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Twitter picks researchers to help it clean up users’ conversations


The site wants these academics to create ways to measure the “health” of conversations on the platforms. It hopes these metrics will lead to kinder tweets (or at least less racism and trolling). 

The details: Twitter said Monday that it selected two groups of academic researchers to lead the conversation health project—the conclusion of a process started in March. The company apparently received more than 230 submissions from institutions eager to work on metrics that engineers can use to help analyze and improve the social network.

The plans: The first group includes researchers from universities in the Netherlands, the US, and in Italy. They will look at the issues of “echo chambers” and impolite conversations, and produce ways to measure how much Twitter users interact with diverse viewpoints on the social network. They’ll also develop algorithms to tell the difference between “incivility” (which could simply be rude chatter) and “intolerant discourse” (such as racist language).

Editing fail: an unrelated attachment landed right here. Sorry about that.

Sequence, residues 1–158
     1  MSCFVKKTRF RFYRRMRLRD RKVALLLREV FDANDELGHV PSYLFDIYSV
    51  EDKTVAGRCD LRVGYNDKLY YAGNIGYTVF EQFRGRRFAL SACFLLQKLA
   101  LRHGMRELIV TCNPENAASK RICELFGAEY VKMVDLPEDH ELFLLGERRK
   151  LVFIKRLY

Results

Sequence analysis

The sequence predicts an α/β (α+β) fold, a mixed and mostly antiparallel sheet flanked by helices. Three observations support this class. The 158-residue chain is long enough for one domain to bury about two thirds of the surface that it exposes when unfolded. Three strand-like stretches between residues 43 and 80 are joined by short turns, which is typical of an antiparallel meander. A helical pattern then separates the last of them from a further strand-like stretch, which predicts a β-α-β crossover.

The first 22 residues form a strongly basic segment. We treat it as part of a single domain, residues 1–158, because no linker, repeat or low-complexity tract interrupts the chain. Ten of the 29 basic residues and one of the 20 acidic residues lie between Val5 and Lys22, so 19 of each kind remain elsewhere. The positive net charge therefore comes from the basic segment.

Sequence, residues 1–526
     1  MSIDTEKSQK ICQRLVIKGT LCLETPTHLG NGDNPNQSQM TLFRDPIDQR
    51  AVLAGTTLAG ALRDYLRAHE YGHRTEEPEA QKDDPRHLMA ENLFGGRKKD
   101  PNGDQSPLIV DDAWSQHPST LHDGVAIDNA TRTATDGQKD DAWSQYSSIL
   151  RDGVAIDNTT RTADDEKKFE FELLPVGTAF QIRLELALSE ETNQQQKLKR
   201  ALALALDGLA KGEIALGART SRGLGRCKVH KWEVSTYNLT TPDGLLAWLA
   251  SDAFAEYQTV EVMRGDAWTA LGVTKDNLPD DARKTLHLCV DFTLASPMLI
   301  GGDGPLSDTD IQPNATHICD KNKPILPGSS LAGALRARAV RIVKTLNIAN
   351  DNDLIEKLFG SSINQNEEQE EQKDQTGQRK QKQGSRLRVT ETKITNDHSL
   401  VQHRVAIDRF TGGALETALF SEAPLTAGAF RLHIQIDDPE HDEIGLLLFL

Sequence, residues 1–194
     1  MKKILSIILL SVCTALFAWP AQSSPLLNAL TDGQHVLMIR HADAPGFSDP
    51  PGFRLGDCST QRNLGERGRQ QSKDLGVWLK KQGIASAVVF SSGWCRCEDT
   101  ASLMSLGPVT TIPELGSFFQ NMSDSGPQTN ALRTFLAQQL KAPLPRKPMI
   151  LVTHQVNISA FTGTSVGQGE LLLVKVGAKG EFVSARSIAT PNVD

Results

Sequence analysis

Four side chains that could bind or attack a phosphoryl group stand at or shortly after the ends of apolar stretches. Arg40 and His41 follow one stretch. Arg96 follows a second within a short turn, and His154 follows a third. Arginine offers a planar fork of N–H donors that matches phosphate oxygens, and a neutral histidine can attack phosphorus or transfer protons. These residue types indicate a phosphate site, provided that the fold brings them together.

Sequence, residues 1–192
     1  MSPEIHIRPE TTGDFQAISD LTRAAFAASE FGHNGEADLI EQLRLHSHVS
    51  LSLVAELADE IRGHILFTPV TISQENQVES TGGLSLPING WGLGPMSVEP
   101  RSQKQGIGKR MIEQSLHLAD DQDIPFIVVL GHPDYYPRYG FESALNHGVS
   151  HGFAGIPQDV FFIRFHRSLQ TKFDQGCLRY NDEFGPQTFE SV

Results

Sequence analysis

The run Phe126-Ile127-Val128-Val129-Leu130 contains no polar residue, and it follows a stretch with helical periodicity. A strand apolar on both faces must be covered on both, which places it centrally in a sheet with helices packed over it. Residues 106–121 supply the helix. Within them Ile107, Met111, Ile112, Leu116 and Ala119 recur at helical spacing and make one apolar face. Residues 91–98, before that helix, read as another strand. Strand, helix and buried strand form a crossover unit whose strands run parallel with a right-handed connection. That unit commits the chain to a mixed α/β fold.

The second group, made up of researchers from universities in the UK and the Netherlands, will look at how showing users others who have different perspectives and backgrounds can reduce prejudice and discrimination.

Isn’t Twitter a US-based company? Well, sure. But while the US has more Twitter users than any other single country, only about a fifth of the total number of Twitter users are based in the US. So it makes a lot of sense that the company would involve researchers who are based outside the country if it wants to get a good sense of what’s going on globally with its user base.

The prognosis: Long-term effects remain to be seen, but when MIT Technology Review  talked to academic researchers inside and outside the US in March, they thought it would be tricky to measure conversational health with just a few metrics.

Twitter seems to be taking the whole process seriously, though, and recently purged tens of millions of fake accounts in another effort to show it’s trying to improve.